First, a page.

This photograph by U.S. Army Lt. Lorenzo Lorain provides a striking view of Camp Day, a temporary encampment in the Klamath Basin used by the military over the summer and fall of 1860. It features members of Lorain’s Company L, Third Artillery division then attached to Fort Umpqua on the …
Schedule of Vouchers issued on account of the Indian War in the Territories of Oregon and Washington in the years 1855 and 1856
This document was created for the U.S. Treasury in 1861 as a record of reimbursement claims by people and businesses in Oregon and Washington who had provided services during the Indian Wars of 1855-1856, which included the Rogue River and Cayuse conflicts. R. J. Atkinson, the auditor of the federal treasury, was tasked with verifying the claims—a complicated assignment which involved documenting the costs of goods, services, and labors in the “local conditions” to make sure they reasonably matched the requests for reimbursement.
Congress passed a bill in August 1856 to appoint a commission to “ascertain and report” on the Indian war expenses incurred by Oregon and Washington Territories, whose local governments had paid volunteer forces “in trust,” expecting federal reimbursement. Territorial delegate Joseph Lane had lobbied hard for the 1856 bill, which had been met with some skepticism by members of Congress who suspected the territories were inflating the costs. This fear was supported by reports from General John Wool, head of the Department of the Pacific, who had reprimanded the local militias for violating treaty agreements and deliberately provoking conflict with Indians for the alleged purpose of war profiteering.
The bill did pass, however, and the U.S. Department of War in 1858 presented to Congress documentation in the form of vouchers, provided by the territories. Congress voted for an audit, which was completed by Atkinson and his commission in 1861. This document, recorded by attorney James W. Nesmith, a former superintendent of Indian affairs who, in 1861, was serving as Oregon’s senator.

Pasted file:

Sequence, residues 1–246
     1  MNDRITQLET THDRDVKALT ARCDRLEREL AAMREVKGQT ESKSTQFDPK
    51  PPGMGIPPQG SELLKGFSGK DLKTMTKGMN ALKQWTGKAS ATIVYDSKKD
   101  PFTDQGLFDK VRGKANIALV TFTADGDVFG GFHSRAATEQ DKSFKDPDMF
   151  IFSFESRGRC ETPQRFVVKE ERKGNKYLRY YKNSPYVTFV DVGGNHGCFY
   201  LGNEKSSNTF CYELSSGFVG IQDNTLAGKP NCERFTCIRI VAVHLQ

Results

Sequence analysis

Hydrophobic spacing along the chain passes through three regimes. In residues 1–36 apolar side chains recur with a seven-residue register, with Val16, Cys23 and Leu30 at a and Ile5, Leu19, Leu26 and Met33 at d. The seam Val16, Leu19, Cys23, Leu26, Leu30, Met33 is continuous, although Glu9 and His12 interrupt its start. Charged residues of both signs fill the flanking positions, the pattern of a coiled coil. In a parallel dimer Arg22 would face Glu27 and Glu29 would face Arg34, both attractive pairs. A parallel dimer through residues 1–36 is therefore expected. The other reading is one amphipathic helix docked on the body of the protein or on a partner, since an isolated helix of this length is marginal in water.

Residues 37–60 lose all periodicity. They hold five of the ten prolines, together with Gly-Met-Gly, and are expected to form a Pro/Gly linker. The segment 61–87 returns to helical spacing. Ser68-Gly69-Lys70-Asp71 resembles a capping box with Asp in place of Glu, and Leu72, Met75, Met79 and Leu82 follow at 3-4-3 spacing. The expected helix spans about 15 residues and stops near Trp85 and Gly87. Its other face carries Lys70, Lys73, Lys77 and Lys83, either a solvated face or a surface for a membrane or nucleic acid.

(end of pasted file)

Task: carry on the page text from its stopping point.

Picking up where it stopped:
The entries on the schedule cover a range of expenses, from clothing and food to weapons and salaries. The center column lists the original claim amounts in the form of scrip; the column to the right lists the amended valued amount, as determined by the audit. The Remarks column identifies gaps in accounting, expenses ineligible for reimbursement, and itemized costs and pay for volunteer soldiers.
The length of time between the passage of the compensation bill in 1856 and the completion of the audit in 1861 created an economic system in Oregon based on the exchange of war-related scrip. The territorial governments allocated money or used scrip (an IOU, of sorts, with the promise of future payment) to fund the control and violent submission of Native peoples. Volunteer militias and their material needs made up the bulk of the expenses; but any non-Native person or business could submit a reimbursement claim as long as it was connected to conflict with Indians. As a result, the Indian wars enriched many and flooded local markets with scrip, which often changed value, in part because speculators purchased it at a fraction of their face value in anticipation of a large payout by the U.S. treasury. As a result, many army volunteers no longer had possession of their original payment vouchers, creating a mathematical conundrum for the auditing commission attempting to determine back salaries. This voucher documents the efforts of at least one speculator—William Winlock Miller, Superintendent of Indian Affairs in Washington Territory—to make money from accounts he had purchased, rather than earned.
In the end, the U.S. Treasury paid out millions of dollars to Oregon, and businesses such as Montieth and Co. in Salem greatly profited, even after their inflated prices had been adjusted. This reimbursement system for state governments remained in effect through the nineteenth-century, and continues, in some form, to this day.
Throckmorton, Arthur. Oregon Argonauts: Merchant Adventures on the Western Frontier. Portland: Oregon Historical Society, 1961.
Joseph Lane [Wash. D.C.] to Fayette Grover [Salem], June 18, 1856. Fayette Grover Papers, MSS 1069, Box 1, Folder 1, Oregon Historical Society Research Library, Portland.
Written by A.E. Platt © Oregon Historical Society, 2022
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This entry was last updated on April 5, 2022